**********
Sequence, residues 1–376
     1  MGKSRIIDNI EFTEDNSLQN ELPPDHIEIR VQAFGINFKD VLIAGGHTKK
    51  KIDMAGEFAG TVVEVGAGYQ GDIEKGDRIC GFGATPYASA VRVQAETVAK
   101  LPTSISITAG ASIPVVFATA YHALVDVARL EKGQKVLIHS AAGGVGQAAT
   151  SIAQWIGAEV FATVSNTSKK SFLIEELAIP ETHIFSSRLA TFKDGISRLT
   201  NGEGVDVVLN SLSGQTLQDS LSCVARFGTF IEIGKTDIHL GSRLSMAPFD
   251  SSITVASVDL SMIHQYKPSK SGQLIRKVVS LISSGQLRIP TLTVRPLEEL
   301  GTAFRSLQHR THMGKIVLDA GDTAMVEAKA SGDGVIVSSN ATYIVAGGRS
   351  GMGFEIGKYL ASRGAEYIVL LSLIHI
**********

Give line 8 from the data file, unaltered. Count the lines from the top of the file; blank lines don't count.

   301  GTAFRSLQHR THMGKIVLDA GDTAMVEAKA SGDGVIVSSN ATYIVAGGRS